We is smarter than me.
That’s the premise behind a partnership between the Environmental Defense Fund and InnoCentive. You probably know EDF–they’re a (mostly) business friendly nonprofit that looks for solutions to environmental problems. InnoCentive is a company that has built an open Internet platform to connect other firms, governments and NGOs to creative people all over the world who can help them solve problems.
Last week, EDF and Innocentive declared a winner in their first challenge, which looked for a new approach to the old problem of agricultural nitrate pollution: He is Patrick Fuller, 23, who is studying for a PhD. in chemical and biological engineering at Northwestern. He’ll be awarded $5,000 for his idea, about which more below.
To learn more about the partnership, I spoke with Beth Trask, who leads, along with David Witzel, leads what EDF calls its innovation exchange, an effort to spread new “green” solutions among companies.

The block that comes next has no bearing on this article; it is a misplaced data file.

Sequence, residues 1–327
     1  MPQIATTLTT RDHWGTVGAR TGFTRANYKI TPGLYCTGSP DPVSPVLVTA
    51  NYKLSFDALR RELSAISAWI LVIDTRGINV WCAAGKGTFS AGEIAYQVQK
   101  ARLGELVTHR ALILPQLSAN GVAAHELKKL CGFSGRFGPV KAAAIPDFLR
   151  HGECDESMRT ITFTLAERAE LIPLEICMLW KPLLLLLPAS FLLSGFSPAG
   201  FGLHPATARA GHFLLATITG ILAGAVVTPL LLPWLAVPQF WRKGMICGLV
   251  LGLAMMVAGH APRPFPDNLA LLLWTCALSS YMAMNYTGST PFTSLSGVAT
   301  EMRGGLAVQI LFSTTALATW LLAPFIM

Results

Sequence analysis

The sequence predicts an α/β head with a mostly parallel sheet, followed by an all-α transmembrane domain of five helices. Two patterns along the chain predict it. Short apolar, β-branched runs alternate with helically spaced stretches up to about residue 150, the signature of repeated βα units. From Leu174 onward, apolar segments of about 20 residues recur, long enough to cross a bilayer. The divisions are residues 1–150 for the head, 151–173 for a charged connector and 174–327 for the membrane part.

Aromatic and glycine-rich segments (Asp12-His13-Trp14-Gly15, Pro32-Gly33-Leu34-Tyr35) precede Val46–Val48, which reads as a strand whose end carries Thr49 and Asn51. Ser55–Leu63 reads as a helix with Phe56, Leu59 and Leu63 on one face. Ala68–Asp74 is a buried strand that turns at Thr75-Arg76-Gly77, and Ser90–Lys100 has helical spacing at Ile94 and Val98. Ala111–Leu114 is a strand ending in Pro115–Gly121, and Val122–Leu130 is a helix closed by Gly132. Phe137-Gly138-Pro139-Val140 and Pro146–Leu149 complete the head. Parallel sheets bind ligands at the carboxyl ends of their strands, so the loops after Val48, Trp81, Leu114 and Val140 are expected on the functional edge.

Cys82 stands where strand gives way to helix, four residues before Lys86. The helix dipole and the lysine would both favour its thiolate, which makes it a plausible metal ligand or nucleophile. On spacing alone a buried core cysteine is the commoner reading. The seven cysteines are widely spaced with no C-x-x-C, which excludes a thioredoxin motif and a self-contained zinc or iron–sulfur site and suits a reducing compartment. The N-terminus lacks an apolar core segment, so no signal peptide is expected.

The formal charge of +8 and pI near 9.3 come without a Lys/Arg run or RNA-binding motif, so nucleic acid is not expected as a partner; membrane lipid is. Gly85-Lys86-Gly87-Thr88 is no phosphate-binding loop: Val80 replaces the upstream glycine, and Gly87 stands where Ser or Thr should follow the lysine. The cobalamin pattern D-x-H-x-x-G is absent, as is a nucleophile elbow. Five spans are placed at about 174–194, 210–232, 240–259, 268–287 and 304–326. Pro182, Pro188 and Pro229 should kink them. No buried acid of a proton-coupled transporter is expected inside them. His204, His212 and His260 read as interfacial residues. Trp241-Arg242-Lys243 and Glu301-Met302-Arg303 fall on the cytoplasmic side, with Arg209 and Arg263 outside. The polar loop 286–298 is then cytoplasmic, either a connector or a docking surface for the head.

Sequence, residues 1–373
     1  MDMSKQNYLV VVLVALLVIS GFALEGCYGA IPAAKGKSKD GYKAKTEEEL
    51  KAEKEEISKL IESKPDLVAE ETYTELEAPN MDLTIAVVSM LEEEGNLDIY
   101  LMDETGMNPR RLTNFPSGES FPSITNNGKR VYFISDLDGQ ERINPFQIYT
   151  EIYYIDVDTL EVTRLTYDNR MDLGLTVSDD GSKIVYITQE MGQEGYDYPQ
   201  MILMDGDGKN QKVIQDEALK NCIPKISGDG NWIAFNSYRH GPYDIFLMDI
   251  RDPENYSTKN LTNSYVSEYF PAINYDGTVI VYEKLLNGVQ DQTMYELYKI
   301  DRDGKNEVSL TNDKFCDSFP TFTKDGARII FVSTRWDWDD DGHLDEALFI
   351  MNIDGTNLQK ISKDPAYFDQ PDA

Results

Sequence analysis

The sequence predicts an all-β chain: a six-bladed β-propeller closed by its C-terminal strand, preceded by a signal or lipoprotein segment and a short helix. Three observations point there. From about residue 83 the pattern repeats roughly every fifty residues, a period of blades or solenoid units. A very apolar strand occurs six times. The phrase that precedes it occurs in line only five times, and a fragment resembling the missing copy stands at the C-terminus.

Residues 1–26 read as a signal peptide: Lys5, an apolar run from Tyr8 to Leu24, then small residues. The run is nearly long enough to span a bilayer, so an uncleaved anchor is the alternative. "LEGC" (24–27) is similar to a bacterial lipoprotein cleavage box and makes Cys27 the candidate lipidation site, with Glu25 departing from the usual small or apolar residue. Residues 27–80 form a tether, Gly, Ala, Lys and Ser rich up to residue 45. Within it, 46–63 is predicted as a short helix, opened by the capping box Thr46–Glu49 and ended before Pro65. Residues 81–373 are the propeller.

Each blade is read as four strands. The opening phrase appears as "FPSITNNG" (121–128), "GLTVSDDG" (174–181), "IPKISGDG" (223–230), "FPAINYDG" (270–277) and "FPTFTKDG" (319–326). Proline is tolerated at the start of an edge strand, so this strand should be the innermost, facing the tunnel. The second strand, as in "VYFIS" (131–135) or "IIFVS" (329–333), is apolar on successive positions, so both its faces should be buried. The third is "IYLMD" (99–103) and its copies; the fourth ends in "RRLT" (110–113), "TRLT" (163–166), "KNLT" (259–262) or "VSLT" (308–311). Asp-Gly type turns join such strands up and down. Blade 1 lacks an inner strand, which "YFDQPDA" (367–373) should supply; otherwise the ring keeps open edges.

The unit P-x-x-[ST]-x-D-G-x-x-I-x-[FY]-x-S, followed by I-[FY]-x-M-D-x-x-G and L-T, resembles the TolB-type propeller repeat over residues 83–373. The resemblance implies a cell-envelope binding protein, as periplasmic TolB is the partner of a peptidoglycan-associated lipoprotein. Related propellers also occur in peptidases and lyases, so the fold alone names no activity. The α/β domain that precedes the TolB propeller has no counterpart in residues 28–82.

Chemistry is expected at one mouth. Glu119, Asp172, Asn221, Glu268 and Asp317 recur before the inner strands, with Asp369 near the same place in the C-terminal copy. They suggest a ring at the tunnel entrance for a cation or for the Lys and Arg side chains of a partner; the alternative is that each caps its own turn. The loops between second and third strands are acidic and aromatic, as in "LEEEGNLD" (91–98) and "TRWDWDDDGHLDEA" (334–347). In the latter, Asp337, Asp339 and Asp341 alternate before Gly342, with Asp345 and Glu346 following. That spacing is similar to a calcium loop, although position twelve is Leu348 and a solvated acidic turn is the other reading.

“Like many people,” Beth told me, “we’ve been looking with much interest at the open innovation space. Basically, the concept is that there are many more ideas and possible solutions out there in the world than any given company or organization can tap into on its own.”
This isn’t an entirely new approach. Prizes have been used an incentive to solve scientific problems for centuries [See my 2009 blogpost, The Strange Power of Prizes]. More recently, companies including Kraft Foods (“Do you have a new product or packaging idea?“) and GE, with its EcoMagination Challenge, have used the Internet to look outside their own walls for new ideas. Richard Branson’s Virgin Earth Challenge offered a $25 million prize for a commercially viable plan to reverse climate change by removing CO2 from the air, while the $10-million Progressive Insurance Automotive X PRIZE was set up to inspire new low-polluting cars. [click to continue…]